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Sub-Arctic Views – Banff National Park

July 15th, 2017 – July 19th, 2017

Banff National Park, in Alberta, Canada, is Canada’s first National Park. Situated about one and one half hours West of the town of Calgary, the park now encompasses 6,641 square kilometers of pristine mountain scenery wrapped around the unparalleled Bow Valley, all nestled in the heart of the Northern Rocky Mountains.

Every year, many million visitors come to explore the various feature of nature that the park has to offer. Our workshop has scouted and identified those areas that we think will offer photographers the most stunning views and the best chance for once in a lifetime images. Imagine shooting each day, situated between jagged mountain peaks, next to crystalline waters, capturing idyllic reflective scenes. Alternatively Banff has more than it’s fair share of azure blue waterfalls, that make the perfect long exposure subjects.

Our itinerary, while in Banff, has us visiting some of the more famous natural hotspots in the park, as well as a handle that are quite literally off the beaten path. Our shoots will be timed to capture the light at its peak time of the day, as well as avoid the crowds of tourists that begin to appear after breakfast.

Generally our workshop will be divided into two specific categories:

  • One, field shoots. Our small, intimate, group will be out in the field, shooting during the ideal light of the day, capturing scenes using a variety of exposure techniques that we will be sharing with our participants. We will be practicing long exposure images, HDR captures and exposure stacking to name a few. We will guide you to understanding these techniques and more.
  • Two, processing seminars. During the middle of the day, when the crowds are at their peak, we will be exploring workflow options, global editing techniques and the fine detailed, yet critical advantages that an editor such as Photoshop has to offer.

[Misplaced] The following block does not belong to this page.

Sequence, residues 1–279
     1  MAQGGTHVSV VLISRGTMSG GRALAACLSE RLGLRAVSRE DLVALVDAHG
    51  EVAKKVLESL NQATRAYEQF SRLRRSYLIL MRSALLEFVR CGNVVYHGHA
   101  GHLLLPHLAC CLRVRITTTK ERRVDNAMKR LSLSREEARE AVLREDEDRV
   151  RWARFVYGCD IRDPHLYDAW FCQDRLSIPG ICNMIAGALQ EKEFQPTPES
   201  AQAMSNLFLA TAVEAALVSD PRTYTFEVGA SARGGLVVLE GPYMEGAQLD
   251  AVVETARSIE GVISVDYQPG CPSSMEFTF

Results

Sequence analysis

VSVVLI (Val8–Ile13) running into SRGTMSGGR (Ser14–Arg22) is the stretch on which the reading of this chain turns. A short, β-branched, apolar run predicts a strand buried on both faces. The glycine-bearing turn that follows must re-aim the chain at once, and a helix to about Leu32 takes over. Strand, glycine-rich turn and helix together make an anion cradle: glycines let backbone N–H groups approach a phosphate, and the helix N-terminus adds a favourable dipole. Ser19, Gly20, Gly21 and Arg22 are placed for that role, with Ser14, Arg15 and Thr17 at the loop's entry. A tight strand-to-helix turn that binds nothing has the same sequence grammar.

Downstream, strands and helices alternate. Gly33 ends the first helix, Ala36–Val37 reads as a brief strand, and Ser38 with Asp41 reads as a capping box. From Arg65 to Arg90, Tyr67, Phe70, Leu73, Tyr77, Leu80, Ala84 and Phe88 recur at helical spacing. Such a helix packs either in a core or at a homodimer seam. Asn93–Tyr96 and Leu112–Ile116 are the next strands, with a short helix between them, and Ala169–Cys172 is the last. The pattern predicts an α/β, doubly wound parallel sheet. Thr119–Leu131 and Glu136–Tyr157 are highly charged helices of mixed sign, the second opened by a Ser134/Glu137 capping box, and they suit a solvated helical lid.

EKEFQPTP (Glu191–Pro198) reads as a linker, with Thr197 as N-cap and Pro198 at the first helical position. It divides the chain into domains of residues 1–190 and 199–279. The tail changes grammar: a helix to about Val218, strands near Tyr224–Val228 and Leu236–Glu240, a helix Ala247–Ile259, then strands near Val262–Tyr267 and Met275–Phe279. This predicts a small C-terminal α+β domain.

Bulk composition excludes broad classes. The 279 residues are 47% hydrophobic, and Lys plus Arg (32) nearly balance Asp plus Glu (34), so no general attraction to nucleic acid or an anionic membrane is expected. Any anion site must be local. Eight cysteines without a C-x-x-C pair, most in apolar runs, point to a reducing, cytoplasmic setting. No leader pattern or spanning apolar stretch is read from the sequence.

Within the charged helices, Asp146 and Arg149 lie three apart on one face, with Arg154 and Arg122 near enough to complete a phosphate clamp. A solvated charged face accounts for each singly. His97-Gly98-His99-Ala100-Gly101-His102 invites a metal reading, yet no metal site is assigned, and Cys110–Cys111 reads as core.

We hope you will join in Banff for what is sure to be one of our best workshops of the year. Ideal scenery, fantastic images and new friends. What could be better, we hope to see you there!

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  • Banff National Park Workshop
    2017-07-15 - 2017-07-19
    00:00 - 23:55



Situated in the Northern Rocky Mountains, Banff National Park is Canada's oldest National Park. The park, located roughly 75 miles West of Calgary, Canada, is situated in the province of Alberta, bounds 2,564 square miles of mountainous terrain, containing numerous glaciers, ice fields, dense coniferous forest, and alpine landscapes. The Bow River Valley extends South to North through the park, connecting the main commercial centers of the park, Banff and Lake Louise.

The park itself lies in the center of some of the most gorgeous scenery that the region has to offer. Provincial Forest and Yoho National Park lie to the West, Kootenay National Park lies to the South and Kananaskis Country can be found to the Southeast. At the Northern end of the park, the Icefields Parkway extends from Lake Lousie deep into Jasper National Park to the North.

The Canadian Pacific Railway was instrumental in Banff's formative early years, responsible for the building of the Banff Springs Hotel and the Lake Louise Chalet. Both resorts attracting tourists for extreme mountain adventures. In the early 20th century, roads began to be built leading into Banff, either fueled by war time need, or Great Depression public works projects. Originally offered as seasonal services, since the 1960's the park and its surrounds operate year round to offer tourists a range of dining, accommodation and adventure opportunities no matter the weather. Recent estimates place annual visitors to the park in the range of three (3) million persons annually.

The park has a subarctic climate with three distinct eco-regions, including montane, subalpine and alpine. The forests within the park are dominated by Lodgepole Pine at the lower elevations and Engelmann Spruce at the higher elevations, finally giving way to rock and ice fields above the tree line. Mammal species within the park include grizzly bear, cougar, wolverine, elk, bighorn sheep and moose, to name the most prevalent critters. Hundreds of species of birds exist within the park and both reptiles and amphibians are present as well.

The mountainous regions within the park, have been form from sedimentary rock which has been pushed East over newer rock strata between 55 and 80 million years ago. Over the past few millions years, glaciers and ice-fields have covered mass quantities of the park, and only more recently have they receded revealing more of the geology underneath and have served as the main forces in carving and sculpting the underlying geology.